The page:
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46709 Posts in 5588 Topics by 13297 Members Latest Member: - Shane786 Most online today: 36 - most online ever: 429 (November 03, 2007, 04:35:43 AM)
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Author Topic: Ashcanning with Saddle Stitch  (Read 2160 times)
Darcy Burgess
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Posts: 478


« on: May 31, 2008, 08:06:43 PM »

Hi,

I'm looking at the feasibility of Saddle Stitching the ashcan of Black Cadillacs.

I'm aware of this neat device, the Booklet Stapler, specifically the Stanley Bostitch B440SB.

Here's my question: they quote a capacity of 20 pages of 16lb paper.

That's a 40-page game.  Yeesh.  That's not much.

How do I get my page count up?

Thanks,
D
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Eero Tuovinen
Acts of Evil Playtesters
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« Reply #1 on: May 31, 2008, 09:09:27 PM »

Larger pages? Larger stapler? Another binding solution?

Personally, I haven't found it too onerous to have a very light-weight digital printer do my saddle stitching, it's cheap enough if you're doing enough copies. Of course it'd be nice to do stuff like this in-house as well. How many copies were you thinking of doing? We do runs of under a dozen copies routinely with generic staplers (not intended for pamphlets, specifically), and that works well enough.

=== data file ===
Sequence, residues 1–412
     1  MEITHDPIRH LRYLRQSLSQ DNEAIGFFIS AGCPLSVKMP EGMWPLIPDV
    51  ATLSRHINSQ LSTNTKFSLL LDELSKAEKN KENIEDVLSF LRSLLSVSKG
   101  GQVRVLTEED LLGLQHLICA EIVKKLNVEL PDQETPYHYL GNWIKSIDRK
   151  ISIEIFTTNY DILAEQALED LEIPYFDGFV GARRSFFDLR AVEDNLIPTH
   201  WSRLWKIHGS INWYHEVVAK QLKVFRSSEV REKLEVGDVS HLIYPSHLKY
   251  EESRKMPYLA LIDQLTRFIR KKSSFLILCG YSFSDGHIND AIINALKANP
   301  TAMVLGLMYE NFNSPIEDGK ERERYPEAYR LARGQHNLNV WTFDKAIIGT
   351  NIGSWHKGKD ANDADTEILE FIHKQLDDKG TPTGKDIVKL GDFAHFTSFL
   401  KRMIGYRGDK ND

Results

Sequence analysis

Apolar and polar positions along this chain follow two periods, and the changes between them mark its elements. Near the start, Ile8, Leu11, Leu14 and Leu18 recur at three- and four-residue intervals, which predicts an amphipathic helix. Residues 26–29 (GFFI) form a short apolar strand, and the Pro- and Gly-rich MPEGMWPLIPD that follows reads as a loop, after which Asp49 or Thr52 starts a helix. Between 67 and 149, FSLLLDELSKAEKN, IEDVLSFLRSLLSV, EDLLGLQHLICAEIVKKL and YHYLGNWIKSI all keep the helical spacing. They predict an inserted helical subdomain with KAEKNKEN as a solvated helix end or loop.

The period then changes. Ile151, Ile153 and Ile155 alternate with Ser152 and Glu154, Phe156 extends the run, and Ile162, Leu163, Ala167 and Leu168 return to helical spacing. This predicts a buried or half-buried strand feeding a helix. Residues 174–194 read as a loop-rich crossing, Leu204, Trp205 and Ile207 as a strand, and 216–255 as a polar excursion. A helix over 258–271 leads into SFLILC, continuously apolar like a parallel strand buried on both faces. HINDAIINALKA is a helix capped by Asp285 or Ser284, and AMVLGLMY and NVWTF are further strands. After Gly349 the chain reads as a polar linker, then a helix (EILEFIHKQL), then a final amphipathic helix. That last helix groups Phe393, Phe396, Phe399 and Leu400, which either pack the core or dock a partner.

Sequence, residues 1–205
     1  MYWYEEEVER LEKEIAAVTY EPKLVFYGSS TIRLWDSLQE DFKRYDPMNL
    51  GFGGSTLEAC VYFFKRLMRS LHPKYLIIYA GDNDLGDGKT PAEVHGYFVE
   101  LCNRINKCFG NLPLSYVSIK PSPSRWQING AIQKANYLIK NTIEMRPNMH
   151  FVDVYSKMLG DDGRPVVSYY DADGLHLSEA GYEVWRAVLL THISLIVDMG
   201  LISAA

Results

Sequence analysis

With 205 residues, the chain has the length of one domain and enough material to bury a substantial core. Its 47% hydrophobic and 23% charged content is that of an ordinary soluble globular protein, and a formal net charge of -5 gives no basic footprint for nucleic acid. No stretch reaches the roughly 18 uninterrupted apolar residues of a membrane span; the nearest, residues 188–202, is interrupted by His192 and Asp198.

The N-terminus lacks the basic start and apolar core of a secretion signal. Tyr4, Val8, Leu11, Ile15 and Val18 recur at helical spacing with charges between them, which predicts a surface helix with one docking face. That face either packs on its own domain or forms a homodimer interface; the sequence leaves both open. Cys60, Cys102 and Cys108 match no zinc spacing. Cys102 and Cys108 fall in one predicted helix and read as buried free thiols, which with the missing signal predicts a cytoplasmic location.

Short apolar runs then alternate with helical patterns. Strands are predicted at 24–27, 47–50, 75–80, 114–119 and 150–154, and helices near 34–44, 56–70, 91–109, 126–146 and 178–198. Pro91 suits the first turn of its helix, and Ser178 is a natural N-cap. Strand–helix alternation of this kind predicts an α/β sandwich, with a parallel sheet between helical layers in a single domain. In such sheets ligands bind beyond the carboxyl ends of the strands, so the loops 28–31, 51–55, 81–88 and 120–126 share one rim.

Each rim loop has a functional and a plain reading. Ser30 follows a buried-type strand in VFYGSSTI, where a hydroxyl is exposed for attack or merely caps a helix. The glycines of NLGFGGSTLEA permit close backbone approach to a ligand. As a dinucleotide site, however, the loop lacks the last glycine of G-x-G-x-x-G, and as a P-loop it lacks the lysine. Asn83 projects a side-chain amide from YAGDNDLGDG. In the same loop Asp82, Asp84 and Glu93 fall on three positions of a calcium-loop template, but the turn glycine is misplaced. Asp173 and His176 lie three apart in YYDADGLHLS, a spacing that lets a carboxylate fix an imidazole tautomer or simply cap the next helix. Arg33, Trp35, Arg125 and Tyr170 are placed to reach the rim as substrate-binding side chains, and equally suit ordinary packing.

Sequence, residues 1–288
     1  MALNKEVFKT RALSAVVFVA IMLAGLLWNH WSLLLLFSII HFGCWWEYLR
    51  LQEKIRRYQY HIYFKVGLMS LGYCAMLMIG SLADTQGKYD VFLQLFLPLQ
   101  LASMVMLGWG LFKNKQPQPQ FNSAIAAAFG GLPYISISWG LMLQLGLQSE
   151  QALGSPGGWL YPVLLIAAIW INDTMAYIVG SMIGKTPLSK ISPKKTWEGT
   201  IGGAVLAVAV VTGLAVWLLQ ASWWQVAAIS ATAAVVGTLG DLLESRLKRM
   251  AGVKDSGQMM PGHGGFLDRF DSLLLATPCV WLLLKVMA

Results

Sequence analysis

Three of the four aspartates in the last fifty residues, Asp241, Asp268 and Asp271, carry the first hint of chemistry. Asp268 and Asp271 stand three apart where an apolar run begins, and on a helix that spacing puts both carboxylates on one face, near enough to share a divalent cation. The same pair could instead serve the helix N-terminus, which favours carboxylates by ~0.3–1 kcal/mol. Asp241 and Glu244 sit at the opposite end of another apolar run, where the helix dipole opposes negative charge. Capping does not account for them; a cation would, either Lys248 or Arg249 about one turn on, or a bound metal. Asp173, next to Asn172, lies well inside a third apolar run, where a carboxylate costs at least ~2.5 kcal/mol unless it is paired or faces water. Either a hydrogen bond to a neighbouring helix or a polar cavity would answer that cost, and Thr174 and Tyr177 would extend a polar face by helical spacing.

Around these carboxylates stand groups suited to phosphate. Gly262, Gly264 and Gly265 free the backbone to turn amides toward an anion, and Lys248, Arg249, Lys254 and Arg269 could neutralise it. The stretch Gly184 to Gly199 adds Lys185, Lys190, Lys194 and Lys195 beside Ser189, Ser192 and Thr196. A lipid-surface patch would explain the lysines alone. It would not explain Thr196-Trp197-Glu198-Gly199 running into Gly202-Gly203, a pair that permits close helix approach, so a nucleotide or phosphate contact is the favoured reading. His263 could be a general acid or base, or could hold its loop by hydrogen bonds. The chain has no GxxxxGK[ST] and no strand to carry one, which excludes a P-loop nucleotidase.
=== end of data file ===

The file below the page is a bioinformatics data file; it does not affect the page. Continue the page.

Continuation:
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guildofblades
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« Reply #2 on: June 01, 2008, 09:04:08 AM »

If you print it on 11" x 17" paper and the saddle stitcher can do a center fold, 20 sheets would be 80 pages.

By comparison, the thickest the hand stapler we have presently can do is center staple 12 pages. ala, a 48 page book.

(whenever making center folded booklets, 1 sheet = 4 pages).

Ryan S. Johnson
Guild of Blades Retail Group - http://www.guildofblades.com/retailgroup.php
Guild of Blades Publishing Group - http://www.guildofblades.com
1483 Online - http://www.1483online.com
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Ryan S. Johnson
Guild of Blades Publishing Group